Three employees at Amazon's Staten Island facility, known as JFK8, filed a lawsuit against Amazon in June, alleging the company made the facility a "place of danger" by impeding efforts to stop the spread of the virus and prioritizing productivity over safety. 

In the latest filing, the employees said Amazon reinstated its policies known as "rate" and "time off task" at JFK8 on Oct. 7, despite the company's previous claim that it wouldn't enforce those policies out of concern for their safety during the pandemic. 

"Amazon has reassured the court that it has put into place numerous protocols — like contact tracing, prompt and full paid Covid-19 leave and modifications to productivity policies — in order to ensure a safe working environment at JFK8," said Karla Gilbride, one of the attorneys representing the workers, in a letter to the judge overseeing their case. "But as this (undisclosed) rollback of the productivity feedback suspension shows, Amazon has not been honest and forthcoming with plaintiffs, or this court."

Amazon tracks the number of "time off tasks" workers log each day as a measure of productivity. If workers take a break from scanning packages for too long, Amazon's internal systems will log it as a TOT and generate a warning, which can later lead to firings. 

Amazon spokesperson Rachael Lighty told CNBC in a statement that the company's performance expectations ensure workers have additional time to sanitize their workspace, wash their hands and practice social distancing, as needed. 

"We have reinstated a portion of our process where a fraction of employees, less than 5% on average, may receive coaching for improvement as a result of extreme outliers in performance," Lighty said.

The company had said in previous court filings that it wouldn't discipline employees for falling short of productivity quotas. It said it "ceased providing productivity rate feedback to associates and imposing any discipline related to low productivity rates" in March, and extended the policy indefinitely in April. 

But earlier this month, one JFK8 worker was given "verbal coaching" by their manager and told that disciplinary action for low rates would resume because "Amazon needed its employees to work faster during peak season," according to the latest employee lawsuit filing.

Additionally, a message on a whiteboard in the facility instructed employees of their rate goal, noting that productivity feedback would resume Oct. 7, the filing said.

Amazon's "peak" season is expected to be busier than ever this year, with Prime Day and the holiday shopping period occurring back to back. Peak season typically refers to the week before Black Friday through Christmas, during which warehouses are fully staffed and employees are required to work overtime. Amazon's Prime Day, which started Tuesday and ends Wednesday, will add an extra month onto peak season.

Amazon has been one of the biggest beneficiaries of the pandemic-fueled rush to online shopping and Prime Day is expected to be just as lucrative for the company. eMarketer estimated Prime Day sales could hit close to $10 billion.

JFK8 workers said they're concerned that the beginning of peak season has given Amazon a pass to forgo necessary coronavirus safety measures like suspending productivity feedback.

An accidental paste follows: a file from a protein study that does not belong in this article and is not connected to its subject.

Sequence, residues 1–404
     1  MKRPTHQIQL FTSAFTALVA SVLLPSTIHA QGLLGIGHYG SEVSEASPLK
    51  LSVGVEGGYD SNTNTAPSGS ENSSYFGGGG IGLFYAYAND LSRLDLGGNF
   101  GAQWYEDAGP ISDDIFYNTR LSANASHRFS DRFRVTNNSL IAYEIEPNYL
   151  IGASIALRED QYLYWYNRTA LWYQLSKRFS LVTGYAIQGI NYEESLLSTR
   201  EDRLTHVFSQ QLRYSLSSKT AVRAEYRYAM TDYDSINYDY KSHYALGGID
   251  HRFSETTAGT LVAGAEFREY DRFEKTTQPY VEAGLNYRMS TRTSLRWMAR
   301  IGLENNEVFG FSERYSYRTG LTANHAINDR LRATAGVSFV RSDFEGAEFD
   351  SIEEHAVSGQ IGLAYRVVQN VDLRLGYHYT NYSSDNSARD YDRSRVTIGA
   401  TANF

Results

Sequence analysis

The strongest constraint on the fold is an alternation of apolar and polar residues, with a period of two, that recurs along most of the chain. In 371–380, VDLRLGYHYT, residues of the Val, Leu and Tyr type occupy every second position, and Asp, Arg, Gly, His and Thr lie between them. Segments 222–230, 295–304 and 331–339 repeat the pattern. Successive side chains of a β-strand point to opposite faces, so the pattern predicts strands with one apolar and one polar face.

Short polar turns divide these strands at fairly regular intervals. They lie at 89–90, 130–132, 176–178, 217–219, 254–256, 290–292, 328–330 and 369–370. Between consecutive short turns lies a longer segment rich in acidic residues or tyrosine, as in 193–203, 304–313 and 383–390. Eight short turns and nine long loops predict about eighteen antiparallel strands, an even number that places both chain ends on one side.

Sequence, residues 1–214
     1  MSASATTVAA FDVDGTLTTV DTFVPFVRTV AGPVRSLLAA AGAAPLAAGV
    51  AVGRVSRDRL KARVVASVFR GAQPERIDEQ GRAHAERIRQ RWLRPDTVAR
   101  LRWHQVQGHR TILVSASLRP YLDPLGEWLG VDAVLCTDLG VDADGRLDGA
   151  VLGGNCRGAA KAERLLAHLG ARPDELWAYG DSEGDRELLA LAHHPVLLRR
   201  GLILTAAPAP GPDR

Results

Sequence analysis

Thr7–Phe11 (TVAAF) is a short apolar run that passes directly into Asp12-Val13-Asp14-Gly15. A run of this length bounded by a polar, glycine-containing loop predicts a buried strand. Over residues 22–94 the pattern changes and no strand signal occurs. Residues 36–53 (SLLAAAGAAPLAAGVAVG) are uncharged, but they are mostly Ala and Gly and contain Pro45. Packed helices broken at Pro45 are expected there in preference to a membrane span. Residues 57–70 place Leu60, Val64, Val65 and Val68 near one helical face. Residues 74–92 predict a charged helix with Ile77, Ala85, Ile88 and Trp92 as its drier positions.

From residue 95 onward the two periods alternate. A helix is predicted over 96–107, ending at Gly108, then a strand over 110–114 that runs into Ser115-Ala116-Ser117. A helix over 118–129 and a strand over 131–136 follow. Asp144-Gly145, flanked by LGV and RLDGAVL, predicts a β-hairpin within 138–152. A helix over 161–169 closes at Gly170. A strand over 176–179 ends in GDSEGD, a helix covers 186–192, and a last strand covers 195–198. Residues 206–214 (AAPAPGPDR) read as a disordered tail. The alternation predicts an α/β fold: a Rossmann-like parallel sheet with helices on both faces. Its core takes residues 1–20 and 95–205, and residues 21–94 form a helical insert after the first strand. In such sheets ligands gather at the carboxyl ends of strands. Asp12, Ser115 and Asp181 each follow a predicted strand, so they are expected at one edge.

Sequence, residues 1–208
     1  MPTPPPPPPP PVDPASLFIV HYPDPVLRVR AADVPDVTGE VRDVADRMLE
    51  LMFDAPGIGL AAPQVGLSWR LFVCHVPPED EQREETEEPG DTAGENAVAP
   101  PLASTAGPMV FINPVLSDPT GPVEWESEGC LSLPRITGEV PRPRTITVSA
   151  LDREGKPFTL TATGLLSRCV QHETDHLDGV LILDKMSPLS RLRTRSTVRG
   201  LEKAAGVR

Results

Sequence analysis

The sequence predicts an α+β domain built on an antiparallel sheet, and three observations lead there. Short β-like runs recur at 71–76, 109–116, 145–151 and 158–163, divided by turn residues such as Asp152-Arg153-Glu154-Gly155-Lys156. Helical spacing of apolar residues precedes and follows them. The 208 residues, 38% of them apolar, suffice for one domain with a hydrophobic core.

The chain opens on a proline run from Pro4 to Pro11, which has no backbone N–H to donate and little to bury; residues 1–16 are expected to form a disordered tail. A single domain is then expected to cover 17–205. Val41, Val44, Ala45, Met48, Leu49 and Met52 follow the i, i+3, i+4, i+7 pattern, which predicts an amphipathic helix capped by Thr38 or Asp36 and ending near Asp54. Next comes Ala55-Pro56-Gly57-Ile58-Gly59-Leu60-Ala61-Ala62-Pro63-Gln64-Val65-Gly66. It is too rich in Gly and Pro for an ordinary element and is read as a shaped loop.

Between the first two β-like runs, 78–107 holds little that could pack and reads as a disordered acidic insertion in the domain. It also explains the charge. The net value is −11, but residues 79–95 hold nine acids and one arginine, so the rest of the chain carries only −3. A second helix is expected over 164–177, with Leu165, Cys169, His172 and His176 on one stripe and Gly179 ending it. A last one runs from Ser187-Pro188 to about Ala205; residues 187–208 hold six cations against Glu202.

"Amazon is now treating the pandemic – and the need for measures to protect workers' health and wellbeing – as a thing of the past," said Gilbride, a senior attorney Public Justice, which joined several labor advocacy groups in filing the lawsuit on behalf of workers.

Workers have also questioned whether Amazon fully stopped providing productivity feedback during the pandemic like it said it would. Hibaq Mohamed, an Amazon warehouse worker in Minnesota, said in July that she was written up for logging too many time off tasks. Mohamed also claimed she was written up in retaliation for speaking out against the company's labor practices, an allegation that Amazon denied.

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Apple notches biggest gain since July on anticipation of next iPhone

  • Shares of Apple soared Monday, as investors looked ahead to the company's product launch that's expected to reveal new iPhones.
  • It marks the biggest gains for the company since July 31, when Apple stock closed up 10.47% due to its blowout third quarter.

Shares of Apple soared 6.35% Monday, as investors looked ahead to the company's product launch that's expected to reveal new iPhones.

It marks the biggest gains for the company since July 31, when Apple stock closed up 10.47% after reporting a blowoutquarter.

Apple is expected on Tuesday to reveal the first major redesign of the iPhone's exterior since 2017. The company is also likely to release four separate iPhones at different screen sizes and prices, marking a wider range for the company than typical. It's also expected to release iPhones with 5G cellular network, which promise faster download times.

"We expect this fall's launch to be the most significant iPhone event in years," Morgan Stanley analyst Katy Huberty wrote in a note this week. Huberty is forecasting Apple to ship about 220 million iPhones in its fiscal 2021, which would be up 22% year-over-year, according to the Morgan Stanley model.

Many iPhone owners are also likely due for an upgrade, according to Wedbush Securities.

"With our estimation that 350 million of 950 million iPhones worldwide are currently in the window of an upgrade opportunity, we believe this will translate into an unprecedented upgrade cycle for Cook & Co," the analysts wrote.

Wall Street could also be using history as a gauge ahead of Tuesday's event. Apple stock has a long history of outperforming in the months following the release of its new iPhones.

The company's shares have outperformed the S&P 500 by an average of 13 percentage points in the six months following an iPhone launch event, according to data compiled by Morgan Stanley. Hedge fund analytics tool Kensho data shows Apple shares are down on average for the day and week of a media event, but the stock bounces back. On average, Apple's stock is 10.7% higher three months after the event.

Overall, Apple stock is up almost 70% year to date.

CNBC's Kif Leswing and Maggie Fitzgerald contributed to this report.